Is this how to find the next female festival headliner?

Florence Welsh

Festival Republic, which is behind Reading and Leeds, has launched a new project to get more female acts on the bill at UK festivals.

As part of the new initiative bands with a mainly female line-up, or female solo artists, will get the chance to have a week's studio time.

It's after controversy about the lack of female performers and headline acts at some of Britain's biggest festivals.

The three-year project called ReBalance will be based in Leeds.

Last year almost one in three of the top-selling artists in the UK were women.

But fewer than one in 10 headline slots were filled by female artists at 10 of the UK's biggest festivals.

The ReBalance project is aimed at up and coming female musicians, with Festival Republic covering the cost of studio time at The Old Chapel in Leeds every month, engineers and the bands' travel and accommodation.

At the end of the year Festival Republic will also commit to giving the successful acts a slot at one of its events or a Live Nation festival.

Adele
Image caption Adele was the last female headliner at Glastonbury Festival in 2016

Managing director of Festival Republic, Melvin Benn, spoke to Newsbeat about the new plans.

"This is about women that are writing songs and getting up and play constantly," he told us.

"They might be grime acts, they might be acoustic acts - it doesn't matter, they just have to be acts that can see their future on the festival circuit.

"It took me a while to work through why there was this lack of women on the line-ups and it isn't because we don't want to book them."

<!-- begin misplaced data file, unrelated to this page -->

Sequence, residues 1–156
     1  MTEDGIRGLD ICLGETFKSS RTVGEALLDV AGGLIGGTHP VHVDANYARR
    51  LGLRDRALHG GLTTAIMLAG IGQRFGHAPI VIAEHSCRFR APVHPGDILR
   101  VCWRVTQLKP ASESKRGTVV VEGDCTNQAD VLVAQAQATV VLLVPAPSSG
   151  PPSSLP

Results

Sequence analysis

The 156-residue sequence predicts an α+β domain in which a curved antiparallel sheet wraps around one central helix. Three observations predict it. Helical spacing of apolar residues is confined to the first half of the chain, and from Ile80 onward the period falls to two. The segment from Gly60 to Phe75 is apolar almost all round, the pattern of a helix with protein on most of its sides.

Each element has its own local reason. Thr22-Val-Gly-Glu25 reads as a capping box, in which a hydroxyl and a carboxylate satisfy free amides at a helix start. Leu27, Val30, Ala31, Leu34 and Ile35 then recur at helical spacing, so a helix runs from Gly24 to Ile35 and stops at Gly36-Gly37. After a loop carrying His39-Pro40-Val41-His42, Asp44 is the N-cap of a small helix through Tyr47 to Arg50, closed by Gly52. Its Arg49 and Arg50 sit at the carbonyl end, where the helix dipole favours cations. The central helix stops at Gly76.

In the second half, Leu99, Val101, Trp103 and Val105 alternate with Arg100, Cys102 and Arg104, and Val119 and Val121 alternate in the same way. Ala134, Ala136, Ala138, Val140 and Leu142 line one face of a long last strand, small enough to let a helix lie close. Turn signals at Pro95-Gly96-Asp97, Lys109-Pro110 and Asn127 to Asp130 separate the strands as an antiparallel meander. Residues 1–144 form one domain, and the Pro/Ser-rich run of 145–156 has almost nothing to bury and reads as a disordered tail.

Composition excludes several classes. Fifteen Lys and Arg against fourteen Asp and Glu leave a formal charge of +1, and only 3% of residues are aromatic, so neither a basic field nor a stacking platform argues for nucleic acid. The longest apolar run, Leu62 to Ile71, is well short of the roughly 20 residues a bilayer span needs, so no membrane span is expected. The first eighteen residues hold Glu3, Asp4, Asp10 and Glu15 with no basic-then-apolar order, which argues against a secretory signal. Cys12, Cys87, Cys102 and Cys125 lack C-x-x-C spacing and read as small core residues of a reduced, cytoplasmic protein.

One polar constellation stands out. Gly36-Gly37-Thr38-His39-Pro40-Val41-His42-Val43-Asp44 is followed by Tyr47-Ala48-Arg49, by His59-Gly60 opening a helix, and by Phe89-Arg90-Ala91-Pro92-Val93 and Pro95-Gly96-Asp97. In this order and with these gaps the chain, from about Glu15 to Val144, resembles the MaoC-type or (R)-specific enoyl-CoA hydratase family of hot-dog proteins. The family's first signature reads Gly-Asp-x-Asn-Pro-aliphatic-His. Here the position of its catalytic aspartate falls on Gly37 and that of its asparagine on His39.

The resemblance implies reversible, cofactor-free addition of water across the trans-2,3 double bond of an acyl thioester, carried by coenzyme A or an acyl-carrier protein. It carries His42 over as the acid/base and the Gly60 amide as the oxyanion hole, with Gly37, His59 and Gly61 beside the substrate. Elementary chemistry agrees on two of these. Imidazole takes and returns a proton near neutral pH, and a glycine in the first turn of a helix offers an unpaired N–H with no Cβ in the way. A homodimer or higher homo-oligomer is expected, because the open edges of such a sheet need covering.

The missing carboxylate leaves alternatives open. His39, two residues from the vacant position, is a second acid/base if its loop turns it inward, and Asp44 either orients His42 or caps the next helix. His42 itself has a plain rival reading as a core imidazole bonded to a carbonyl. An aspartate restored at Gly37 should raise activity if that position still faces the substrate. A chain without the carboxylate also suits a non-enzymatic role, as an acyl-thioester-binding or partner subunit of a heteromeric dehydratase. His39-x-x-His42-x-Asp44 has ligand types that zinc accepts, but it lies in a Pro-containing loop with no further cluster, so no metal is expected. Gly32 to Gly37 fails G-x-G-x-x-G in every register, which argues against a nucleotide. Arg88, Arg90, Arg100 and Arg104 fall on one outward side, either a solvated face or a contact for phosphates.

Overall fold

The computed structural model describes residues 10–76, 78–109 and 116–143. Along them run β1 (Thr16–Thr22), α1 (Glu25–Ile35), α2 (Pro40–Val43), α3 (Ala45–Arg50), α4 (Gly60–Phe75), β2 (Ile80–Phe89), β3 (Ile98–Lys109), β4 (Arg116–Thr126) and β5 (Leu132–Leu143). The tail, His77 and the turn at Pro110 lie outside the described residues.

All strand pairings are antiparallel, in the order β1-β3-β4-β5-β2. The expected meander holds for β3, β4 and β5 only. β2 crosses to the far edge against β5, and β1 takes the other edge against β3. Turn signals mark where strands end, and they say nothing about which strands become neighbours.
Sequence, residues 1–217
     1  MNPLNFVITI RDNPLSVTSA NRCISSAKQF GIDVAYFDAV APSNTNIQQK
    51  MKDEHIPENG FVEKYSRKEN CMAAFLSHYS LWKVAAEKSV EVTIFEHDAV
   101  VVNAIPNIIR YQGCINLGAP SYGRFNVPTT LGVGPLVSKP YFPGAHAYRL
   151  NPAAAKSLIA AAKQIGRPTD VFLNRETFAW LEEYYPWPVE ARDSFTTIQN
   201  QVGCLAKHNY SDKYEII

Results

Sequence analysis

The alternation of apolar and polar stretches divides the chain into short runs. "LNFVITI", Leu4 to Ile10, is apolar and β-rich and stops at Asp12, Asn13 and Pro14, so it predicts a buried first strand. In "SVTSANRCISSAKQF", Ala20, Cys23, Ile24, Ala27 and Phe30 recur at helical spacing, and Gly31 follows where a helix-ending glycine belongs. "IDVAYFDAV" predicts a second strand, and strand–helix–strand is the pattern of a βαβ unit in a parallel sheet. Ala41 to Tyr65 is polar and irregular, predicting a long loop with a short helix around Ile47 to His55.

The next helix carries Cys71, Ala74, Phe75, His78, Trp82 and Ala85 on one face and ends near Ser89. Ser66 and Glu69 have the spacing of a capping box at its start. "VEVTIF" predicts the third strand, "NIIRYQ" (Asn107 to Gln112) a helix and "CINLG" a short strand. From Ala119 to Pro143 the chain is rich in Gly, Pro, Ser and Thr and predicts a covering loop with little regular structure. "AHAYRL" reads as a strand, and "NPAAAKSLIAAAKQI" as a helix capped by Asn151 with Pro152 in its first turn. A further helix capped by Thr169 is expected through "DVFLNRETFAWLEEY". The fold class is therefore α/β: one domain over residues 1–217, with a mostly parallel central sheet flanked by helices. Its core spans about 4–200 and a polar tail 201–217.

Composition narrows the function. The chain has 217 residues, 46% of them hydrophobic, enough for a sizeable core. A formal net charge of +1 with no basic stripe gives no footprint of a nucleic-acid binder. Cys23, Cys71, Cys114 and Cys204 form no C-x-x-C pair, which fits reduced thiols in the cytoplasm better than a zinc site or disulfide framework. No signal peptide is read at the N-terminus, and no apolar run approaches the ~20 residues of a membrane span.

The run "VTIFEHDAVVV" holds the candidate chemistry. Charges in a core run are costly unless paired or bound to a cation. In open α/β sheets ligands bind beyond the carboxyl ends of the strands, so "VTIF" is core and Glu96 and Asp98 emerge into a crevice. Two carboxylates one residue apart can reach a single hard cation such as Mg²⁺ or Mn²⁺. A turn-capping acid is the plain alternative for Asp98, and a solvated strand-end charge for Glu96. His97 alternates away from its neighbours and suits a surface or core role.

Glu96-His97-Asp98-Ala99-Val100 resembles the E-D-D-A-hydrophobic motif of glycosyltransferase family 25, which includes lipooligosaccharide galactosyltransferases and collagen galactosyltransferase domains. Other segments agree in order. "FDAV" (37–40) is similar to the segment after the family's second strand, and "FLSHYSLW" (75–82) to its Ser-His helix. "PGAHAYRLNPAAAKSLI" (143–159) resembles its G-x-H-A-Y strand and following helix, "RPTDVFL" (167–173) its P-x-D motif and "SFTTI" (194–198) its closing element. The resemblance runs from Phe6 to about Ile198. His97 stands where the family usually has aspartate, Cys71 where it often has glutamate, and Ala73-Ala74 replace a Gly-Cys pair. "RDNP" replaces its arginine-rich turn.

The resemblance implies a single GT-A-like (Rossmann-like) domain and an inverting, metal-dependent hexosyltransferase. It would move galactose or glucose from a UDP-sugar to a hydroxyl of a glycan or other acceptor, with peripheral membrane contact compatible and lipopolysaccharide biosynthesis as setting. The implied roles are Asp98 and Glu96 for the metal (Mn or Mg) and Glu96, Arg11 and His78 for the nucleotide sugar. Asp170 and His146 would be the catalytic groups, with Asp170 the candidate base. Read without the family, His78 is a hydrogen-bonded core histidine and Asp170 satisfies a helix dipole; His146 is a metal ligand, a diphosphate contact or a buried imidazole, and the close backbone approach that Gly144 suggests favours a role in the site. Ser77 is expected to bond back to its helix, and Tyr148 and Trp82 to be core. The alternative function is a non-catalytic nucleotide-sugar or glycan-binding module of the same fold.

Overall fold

Reading and Leeds Festival has been at the centre of conversations about the lack of women on British line-ups.

"That criticism hurts because it wasn't something I felt I could do anything about because I couldn't just create these artists," says Melvin Benn.

"I wasn't pleased to get it but it's forced me into responding. And I've responded with the ReBalance programme, so I hope it's something that will become quite big.

"The fundamental problem isn't that women don't want to be in bands or on stage - it's that we're [the industry] not giving them the chance to get to that point," he said.

Artists will be nominated to take part in the project and then shortlisted by experts from across the music industry.

Danielle Haim, Alana Haim, and Este Haim
Image caption Haim think more women should be encouraged to take up jobs in the music industry

So labels, managers, streaming services, publishers, promoters, agents and journalists who regularly work with PRS Foundation will be able to put acts forward.

A smaller panel of industry experts will then select the winning artists from a shortlist.

But the scheme isn't just to encourage more women to get on to the stage - they also want to get more women working behind the scenes.

So Festival Republic will also be launching an apprenticeship scheme to bring more females into roles in production and sound engineering.

Assistant producers and engineers will be nominated by universities, course leaders and other producers.

Earlier this year Newsbeat caught up with Emeli Sande before her headline performance at Radio 1's Big Weekend in Hull.

She told us how easy it can sometimes be to forget about the gender imbalance issue in the music industry.

"I don't think about it naturally but when I do step back and take things in, it is something to look at and think, 'Wow' about," she said.

Emeli Sande

"There are so many incredible female artists, especially in the UK, who are doing really brave things so I hope there's a change next year.

"I love Ms Banks, Ray BLK, Stefflon Don - all of these girls that have just got so much attitude and are being themselves.

This is a photo of singer Jorja Smith.
Image caption Emeli Sande says artists like Jorja Smith are paving the way for more British women in music

"People like Jorja Smith, I think there's a real new wave of British females that are really fierce.

"And I think the more of that the better to inspire young girls it's OK to be who they are."

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